Future Vision

Each sample you create says something about its future use. When we create samples, we don’t have to know what we will do with them. I believe that free exploration without any restrictions is very important. However, it’s important to bring our collaborators along with us in our thinking process. Therefore, it’s good to create a future vision for our project.
A future vision can be created in two ways:

1. Imagine the developed samples or techniques in future applications. What could they be useful for?
2. Imagine the techniques you will use in the future. What will the industrial landscape be like in the future, and can we provide evidence of what will be possible in the future?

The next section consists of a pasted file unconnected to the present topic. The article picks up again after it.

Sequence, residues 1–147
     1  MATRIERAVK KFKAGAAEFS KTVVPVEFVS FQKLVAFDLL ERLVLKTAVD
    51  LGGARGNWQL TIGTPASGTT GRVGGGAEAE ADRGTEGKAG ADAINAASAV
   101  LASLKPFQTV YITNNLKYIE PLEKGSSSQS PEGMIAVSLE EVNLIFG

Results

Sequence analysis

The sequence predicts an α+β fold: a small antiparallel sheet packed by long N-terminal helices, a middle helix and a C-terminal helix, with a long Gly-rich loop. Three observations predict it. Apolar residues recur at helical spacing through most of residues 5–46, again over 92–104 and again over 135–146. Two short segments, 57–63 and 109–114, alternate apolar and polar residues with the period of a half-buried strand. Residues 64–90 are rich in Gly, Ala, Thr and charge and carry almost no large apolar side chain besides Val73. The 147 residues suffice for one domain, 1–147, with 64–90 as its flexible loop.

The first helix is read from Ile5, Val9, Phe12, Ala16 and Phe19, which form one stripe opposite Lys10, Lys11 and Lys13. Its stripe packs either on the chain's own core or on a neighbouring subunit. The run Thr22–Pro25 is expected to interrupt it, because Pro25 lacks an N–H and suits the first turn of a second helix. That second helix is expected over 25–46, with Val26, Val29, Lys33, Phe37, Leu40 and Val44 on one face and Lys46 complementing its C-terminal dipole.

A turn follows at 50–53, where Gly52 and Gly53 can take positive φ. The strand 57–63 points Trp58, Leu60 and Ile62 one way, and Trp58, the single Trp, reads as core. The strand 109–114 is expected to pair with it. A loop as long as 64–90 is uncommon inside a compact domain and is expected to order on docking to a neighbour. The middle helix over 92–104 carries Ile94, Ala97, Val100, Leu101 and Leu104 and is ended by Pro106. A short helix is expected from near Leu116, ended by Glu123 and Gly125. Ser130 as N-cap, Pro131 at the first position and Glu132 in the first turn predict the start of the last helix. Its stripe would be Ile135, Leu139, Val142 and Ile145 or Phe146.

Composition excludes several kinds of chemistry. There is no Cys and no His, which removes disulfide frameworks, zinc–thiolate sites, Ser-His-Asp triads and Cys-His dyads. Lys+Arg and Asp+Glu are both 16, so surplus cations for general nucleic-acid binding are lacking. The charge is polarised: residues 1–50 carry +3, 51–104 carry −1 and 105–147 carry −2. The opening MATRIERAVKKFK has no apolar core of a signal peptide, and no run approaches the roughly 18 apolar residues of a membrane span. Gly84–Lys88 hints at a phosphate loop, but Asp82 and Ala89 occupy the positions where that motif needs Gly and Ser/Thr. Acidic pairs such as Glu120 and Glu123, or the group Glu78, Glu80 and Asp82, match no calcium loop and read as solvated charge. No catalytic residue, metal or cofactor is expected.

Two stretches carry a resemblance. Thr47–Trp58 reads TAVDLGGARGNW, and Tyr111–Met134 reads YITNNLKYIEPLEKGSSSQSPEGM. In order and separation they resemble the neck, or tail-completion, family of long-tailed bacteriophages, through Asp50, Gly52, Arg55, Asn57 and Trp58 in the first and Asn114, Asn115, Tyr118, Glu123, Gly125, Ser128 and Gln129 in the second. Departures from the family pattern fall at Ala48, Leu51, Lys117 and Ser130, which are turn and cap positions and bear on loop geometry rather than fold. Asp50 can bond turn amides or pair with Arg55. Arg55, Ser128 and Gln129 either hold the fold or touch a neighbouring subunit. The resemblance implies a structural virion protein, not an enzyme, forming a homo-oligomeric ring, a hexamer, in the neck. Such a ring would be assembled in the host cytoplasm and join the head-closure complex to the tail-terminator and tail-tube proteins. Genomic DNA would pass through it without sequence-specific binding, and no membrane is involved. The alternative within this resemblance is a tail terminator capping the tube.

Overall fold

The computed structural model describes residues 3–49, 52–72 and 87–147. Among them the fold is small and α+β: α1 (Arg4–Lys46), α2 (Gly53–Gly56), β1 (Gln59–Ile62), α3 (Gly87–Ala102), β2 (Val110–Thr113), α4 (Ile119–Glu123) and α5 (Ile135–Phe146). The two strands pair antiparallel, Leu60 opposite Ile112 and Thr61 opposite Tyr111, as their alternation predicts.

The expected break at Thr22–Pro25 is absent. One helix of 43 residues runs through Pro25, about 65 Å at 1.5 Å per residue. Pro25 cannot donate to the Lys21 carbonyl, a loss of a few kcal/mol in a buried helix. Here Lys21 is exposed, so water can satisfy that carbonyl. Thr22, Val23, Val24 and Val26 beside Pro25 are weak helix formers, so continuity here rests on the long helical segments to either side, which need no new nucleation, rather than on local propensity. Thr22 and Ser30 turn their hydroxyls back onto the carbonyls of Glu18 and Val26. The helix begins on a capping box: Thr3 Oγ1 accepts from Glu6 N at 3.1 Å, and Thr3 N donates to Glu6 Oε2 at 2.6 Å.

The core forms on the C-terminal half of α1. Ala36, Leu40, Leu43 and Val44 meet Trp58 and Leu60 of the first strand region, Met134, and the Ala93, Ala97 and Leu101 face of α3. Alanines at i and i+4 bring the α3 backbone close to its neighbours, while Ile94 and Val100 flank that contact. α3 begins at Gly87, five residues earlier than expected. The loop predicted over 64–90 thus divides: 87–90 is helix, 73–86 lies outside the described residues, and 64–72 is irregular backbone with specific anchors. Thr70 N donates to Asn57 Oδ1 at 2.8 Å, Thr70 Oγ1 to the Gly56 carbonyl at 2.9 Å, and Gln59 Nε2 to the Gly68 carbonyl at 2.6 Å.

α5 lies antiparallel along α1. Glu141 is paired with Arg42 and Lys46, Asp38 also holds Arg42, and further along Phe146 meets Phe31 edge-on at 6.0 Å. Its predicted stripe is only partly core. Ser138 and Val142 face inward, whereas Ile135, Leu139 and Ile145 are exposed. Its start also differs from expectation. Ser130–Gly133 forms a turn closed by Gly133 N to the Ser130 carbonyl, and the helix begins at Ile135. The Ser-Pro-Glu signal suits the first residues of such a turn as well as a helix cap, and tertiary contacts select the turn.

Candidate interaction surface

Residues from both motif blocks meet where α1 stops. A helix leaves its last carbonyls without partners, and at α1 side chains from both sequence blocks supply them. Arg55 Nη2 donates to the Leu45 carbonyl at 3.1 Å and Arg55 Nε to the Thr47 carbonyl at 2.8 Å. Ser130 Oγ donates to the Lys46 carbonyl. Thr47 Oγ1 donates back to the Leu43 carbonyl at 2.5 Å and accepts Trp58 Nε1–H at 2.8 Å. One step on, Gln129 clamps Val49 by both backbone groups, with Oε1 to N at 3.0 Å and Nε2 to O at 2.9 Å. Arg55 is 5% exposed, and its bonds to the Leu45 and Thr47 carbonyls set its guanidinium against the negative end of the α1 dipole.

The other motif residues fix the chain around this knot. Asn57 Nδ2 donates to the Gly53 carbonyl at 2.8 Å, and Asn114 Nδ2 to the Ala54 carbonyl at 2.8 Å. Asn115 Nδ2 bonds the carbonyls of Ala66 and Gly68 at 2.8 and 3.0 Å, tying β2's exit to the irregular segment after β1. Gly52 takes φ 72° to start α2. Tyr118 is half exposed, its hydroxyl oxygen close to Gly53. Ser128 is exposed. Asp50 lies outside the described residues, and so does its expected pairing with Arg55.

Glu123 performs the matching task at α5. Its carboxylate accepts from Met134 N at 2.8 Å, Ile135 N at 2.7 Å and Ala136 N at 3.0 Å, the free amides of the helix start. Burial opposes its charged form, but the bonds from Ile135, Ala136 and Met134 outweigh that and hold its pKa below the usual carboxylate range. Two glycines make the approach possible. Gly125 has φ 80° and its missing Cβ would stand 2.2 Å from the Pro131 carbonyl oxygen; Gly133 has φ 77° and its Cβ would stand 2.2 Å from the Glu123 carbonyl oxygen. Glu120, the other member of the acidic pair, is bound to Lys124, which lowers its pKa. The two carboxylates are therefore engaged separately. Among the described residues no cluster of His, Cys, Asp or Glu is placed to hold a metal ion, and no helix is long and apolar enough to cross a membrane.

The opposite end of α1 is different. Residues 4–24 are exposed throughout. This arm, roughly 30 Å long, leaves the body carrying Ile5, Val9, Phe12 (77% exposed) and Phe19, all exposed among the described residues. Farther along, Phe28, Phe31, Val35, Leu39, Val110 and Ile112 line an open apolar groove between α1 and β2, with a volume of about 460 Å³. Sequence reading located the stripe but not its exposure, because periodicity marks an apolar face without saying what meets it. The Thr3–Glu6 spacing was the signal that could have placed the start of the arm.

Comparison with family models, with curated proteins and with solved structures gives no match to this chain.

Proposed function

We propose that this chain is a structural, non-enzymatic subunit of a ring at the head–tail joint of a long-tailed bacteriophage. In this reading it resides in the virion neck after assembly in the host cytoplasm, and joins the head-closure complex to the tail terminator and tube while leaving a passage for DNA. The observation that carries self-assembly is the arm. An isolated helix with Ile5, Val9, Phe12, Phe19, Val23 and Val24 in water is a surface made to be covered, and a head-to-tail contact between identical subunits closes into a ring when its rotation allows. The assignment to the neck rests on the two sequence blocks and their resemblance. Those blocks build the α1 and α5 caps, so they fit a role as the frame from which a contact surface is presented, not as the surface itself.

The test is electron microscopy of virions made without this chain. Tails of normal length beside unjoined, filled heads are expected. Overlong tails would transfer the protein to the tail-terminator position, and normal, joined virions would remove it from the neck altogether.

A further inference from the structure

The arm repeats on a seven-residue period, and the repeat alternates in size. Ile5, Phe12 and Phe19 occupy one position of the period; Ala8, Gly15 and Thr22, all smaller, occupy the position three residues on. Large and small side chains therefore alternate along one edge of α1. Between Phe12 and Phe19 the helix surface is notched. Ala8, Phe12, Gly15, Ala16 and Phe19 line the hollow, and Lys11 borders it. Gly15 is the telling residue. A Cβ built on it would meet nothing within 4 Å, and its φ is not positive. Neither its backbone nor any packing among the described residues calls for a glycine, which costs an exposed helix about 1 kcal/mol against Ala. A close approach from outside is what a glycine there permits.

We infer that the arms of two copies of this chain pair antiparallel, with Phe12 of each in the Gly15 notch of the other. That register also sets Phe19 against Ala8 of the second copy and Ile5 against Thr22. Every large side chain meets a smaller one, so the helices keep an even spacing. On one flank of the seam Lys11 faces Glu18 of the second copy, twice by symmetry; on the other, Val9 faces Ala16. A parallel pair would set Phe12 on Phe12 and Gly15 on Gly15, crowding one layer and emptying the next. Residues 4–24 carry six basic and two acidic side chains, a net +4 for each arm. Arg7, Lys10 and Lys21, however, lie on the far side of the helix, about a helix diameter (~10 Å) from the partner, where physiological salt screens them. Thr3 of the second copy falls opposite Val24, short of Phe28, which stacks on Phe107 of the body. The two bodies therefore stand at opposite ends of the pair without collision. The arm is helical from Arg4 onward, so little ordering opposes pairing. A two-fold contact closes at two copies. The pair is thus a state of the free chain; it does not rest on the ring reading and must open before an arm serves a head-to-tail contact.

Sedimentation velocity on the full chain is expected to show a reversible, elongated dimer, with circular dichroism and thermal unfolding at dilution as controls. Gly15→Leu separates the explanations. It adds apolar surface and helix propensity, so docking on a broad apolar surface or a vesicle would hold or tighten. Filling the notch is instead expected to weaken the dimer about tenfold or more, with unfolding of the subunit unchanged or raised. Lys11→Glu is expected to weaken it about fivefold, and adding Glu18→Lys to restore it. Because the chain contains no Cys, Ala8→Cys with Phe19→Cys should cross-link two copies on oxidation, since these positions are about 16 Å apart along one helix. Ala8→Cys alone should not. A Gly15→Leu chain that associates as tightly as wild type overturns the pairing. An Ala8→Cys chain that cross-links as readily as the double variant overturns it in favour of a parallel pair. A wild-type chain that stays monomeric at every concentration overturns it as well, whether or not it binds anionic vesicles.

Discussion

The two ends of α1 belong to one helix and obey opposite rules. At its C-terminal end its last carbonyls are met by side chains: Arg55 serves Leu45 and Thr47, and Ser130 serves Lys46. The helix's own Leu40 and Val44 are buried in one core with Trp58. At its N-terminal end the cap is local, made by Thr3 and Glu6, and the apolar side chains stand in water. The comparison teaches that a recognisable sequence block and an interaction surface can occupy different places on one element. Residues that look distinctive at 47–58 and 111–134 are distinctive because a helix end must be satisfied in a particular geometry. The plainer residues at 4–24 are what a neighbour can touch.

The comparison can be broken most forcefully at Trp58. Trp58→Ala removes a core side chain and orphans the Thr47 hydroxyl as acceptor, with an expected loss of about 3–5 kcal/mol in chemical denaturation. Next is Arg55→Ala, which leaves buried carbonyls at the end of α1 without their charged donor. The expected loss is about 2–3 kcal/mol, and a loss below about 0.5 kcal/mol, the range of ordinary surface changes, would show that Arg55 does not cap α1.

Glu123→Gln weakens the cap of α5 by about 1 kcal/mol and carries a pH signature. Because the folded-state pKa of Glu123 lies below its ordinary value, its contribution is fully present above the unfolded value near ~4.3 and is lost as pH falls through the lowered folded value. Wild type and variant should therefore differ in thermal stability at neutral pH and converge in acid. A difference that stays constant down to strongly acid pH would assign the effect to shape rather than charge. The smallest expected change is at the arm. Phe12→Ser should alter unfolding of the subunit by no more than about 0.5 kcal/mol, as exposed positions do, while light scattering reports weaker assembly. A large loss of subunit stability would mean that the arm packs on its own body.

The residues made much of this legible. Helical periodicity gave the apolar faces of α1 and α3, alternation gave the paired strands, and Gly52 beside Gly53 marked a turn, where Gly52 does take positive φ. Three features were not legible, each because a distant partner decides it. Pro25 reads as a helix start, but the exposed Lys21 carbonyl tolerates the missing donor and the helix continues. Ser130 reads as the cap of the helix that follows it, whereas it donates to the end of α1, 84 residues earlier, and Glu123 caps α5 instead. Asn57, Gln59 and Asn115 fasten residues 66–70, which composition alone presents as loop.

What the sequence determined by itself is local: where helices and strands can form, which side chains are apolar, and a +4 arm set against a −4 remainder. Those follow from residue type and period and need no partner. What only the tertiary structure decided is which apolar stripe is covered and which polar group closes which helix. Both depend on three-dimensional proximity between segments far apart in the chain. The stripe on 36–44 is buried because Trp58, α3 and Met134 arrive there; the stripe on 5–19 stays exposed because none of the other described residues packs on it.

For example, you might imagine what a production technique would look like or what it would be like to develop a machine that could perfectly weave a particular material. Designers often imagine all kinds of futures, but it’s helpful to visualize these imagined futures so that collaborators can contribute to the process. 

In the Japanese jacquard project, digital renders were developed to showcase the possibilities of this technique. We combined the feature of discontinuous and supplementary weft with controlling the placement of animate materials in a very fine-grained and targeted way so chan­ge can be seamlessly embedded into conformal textile-based objects. These materials could result in two types of change: 

Change in design/production time 
– Simplify production/sizing 
 New ways of making with novel or existing materials. 

Change in use time 
– As we change (size etc), or as our needs change, our textiles can be designed to change with us. 
– Extends useful life. 
– New textile experiences.